The American Revolution is the founding event in our nation’s history. The Revolution is generally dated from 1763 to 1789, from the opening of resistance to the launching of government under the Constitution. Those dates are significant, but the revolution actually began before that, and continued long after. I would argue that the seeds of the revolution were planted when the first immigrants left Great Britain. To say that the first settlers as well as later colonists came to America to find a better life implies that they were not content with the lives they were living. At discontent was probably not sufficient to foment a rebellion at home, but it's clear that the people who came to America were looking for something better than what they had.

Although much has changed in the 200 odd years since our revolution concluded, it is still safe to say that the American Revolution can still teach us much about ourselves as a nation. We are descendants of those early Americans, and many of the ideas they passed on to their children and grandchildren and great-grandchildren are still alive, however faintly, in the United States today.

One example of the leftover legacy of the colonial era is the fact that in the northeastern states and out into the Midwest, government is organized down to the village level. That local autonomy has its roots in the concept of the New England town meeting and the practice of Congregationalism. Those Northeasterners didn't need nor desire help from above. The South was organized differently, into parishes. And as the Anglican church was organized into parishes or diocese, counties tended to be the locus of government and many of the southern states. Indeed, Louisiana still refers to counties as parishes. Here in Northern Virginia where our college is located, local government as it exists in the North is hard to find. Throughout Fairfax County, for example, there are many areas such as Springfield, Burke, Great Falls, Lorton, and others, but the governing authority is that of Fairfax County with the exception of two small cities within the county limits.

When Max Weber, the German political economist, wrote his most famous work, the Protestant Ethic and the Spirit of Capitalism, he had in mind the workings of New England Puritanism, outlined by philosophers such as Benjamin Franklin. Belief in hard work, individualism, making the most of opportunities, making efficient use of time, not wasting one's resources, are all things that many Americans think of as guiding principles today. But they find their roots in pre-revolutionary America. Supreme Court Justice Louis Brandeis expressed this fundamental American idea when he wrote: “The makers of the Constitution conferred the most comprehensive of rights and the right most valued by all civilized men—the right to be let alone.”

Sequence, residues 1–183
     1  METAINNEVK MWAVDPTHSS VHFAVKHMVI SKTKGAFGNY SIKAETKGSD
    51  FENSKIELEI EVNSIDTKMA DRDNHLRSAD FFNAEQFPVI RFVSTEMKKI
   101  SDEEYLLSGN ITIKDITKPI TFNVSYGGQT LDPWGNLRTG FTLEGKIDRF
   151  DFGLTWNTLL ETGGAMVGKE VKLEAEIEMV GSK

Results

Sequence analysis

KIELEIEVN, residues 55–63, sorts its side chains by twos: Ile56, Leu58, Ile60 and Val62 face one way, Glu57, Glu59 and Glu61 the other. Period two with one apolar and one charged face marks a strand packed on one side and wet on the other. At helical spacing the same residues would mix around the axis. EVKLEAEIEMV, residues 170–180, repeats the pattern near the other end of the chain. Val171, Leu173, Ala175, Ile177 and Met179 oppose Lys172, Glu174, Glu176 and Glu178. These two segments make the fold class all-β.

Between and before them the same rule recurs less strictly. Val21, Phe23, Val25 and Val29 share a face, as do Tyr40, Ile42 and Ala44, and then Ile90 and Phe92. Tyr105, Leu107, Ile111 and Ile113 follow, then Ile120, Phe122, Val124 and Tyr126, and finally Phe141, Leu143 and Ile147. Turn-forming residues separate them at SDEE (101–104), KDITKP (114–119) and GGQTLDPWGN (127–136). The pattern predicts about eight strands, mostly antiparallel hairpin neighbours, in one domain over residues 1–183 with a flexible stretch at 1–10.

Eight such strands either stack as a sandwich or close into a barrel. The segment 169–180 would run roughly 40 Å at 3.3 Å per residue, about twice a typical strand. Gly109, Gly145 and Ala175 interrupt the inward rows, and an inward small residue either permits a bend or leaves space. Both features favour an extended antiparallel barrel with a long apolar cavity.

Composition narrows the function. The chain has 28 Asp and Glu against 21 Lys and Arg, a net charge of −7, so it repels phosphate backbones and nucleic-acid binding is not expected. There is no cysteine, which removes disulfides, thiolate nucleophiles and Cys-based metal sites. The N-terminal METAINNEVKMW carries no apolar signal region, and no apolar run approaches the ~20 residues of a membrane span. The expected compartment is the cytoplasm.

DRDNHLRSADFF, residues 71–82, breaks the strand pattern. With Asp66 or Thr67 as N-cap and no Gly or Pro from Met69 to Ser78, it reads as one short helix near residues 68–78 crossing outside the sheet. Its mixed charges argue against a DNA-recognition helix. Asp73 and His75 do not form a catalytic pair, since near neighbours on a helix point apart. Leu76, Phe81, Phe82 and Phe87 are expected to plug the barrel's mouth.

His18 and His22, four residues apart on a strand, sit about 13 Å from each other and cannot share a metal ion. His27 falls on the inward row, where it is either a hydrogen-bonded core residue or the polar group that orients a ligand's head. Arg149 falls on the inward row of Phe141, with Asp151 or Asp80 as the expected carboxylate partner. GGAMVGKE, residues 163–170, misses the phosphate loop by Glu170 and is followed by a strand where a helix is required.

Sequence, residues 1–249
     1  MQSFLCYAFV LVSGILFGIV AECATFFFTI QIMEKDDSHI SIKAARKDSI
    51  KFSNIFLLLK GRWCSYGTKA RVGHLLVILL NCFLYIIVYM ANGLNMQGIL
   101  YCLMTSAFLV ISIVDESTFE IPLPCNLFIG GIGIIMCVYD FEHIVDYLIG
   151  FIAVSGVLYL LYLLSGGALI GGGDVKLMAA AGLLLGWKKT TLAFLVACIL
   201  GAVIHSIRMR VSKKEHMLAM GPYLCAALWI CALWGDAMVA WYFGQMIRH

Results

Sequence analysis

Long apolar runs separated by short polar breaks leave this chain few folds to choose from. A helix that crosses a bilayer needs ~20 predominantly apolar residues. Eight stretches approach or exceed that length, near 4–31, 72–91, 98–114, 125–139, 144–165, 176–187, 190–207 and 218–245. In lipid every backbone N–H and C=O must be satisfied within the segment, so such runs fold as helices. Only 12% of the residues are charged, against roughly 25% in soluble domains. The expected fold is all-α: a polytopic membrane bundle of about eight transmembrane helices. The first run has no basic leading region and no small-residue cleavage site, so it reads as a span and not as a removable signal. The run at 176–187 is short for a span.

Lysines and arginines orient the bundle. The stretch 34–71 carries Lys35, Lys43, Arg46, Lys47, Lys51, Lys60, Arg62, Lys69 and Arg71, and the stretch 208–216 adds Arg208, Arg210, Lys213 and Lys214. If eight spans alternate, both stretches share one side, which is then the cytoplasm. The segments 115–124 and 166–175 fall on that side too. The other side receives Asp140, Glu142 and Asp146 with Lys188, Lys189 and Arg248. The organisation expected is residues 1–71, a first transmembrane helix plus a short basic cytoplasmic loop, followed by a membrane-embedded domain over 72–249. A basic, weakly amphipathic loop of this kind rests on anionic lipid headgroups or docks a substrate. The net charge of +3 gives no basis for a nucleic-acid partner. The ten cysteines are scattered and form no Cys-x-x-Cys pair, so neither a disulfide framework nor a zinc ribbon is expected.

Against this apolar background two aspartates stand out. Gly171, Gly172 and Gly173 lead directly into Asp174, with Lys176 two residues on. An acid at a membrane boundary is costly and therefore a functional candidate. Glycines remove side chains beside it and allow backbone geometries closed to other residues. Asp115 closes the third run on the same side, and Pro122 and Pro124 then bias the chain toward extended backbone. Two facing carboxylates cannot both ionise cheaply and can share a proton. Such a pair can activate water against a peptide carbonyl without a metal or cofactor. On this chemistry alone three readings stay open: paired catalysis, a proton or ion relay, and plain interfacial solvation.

The American Revolution lived into the future in other ways . During the American Civil War both sides felt they were fighting to protect the legacy of the Revolution—the North to protect the Union so painfully created, and the South to defend what it conceived as the right to manage its own affairs. The American Revolution also stretched far beyond our shores—it was an event that touched the world. When North Vietnamese communist Ho Chi Minh wrote his countries Declaration of Independence, he quoted Thomas Jefferson. It is also interesting to compare our Revolution with the French Revolution—Some of the same players were involved, and there were certain similarities in the fundamental causes.

Summary of Conditions in 1763:

In 1763 the French had been driven out of North America, and Great Britain stood “astride the world like a colossus.” Although Great Britain was still a very wealthy nation, the government was deeply in debt. The officers who had fought in America during the French and Indian War carried reports of American prosperity when they returned home. The American population had grown enough for Parliament to notice. There were bills to be paid, and the British government decided it was time for the colonies to pay their share.